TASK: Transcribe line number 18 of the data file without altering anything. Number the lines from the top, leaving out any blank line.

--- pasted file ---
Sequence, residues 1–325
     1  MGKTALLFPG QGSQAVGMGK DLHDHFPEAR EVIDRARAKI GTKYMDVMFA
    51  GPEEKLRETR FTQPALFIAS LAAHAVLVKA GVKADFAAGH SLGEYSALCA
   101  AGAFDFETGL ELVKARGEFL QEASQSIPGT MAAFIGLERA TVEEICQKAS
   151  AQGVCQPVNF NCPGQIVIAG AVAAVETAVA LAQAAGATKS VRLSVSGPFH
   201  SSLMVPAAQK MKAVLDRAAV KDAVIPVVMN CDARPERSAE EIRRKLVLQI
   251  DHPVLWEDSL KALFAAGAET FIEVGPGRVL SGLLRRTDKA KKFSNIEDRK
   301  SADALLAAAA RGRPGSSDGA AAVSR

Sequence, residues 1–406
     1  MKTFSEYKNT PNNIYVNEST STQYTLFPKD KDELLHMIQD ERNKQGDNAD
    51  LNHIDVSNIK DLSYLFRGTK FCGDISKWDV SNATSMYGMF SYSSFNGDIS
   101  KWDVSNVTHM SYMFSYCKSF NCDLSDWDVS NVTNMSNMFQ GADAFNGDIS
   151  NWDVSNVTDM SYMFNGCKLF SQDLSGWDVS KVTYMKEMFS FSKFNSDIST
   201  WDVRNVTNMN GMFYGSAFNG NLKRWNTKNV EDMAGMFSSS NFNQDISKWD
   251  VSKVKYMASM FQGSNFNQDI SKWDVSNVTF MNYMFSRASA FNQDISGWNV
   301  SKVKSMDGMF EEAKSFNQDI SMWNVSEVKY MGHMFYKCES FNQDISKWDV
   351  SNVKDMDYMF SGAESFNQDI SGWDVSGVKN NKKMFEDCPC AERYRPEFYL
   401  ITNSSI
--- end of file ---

   401  ITNSSI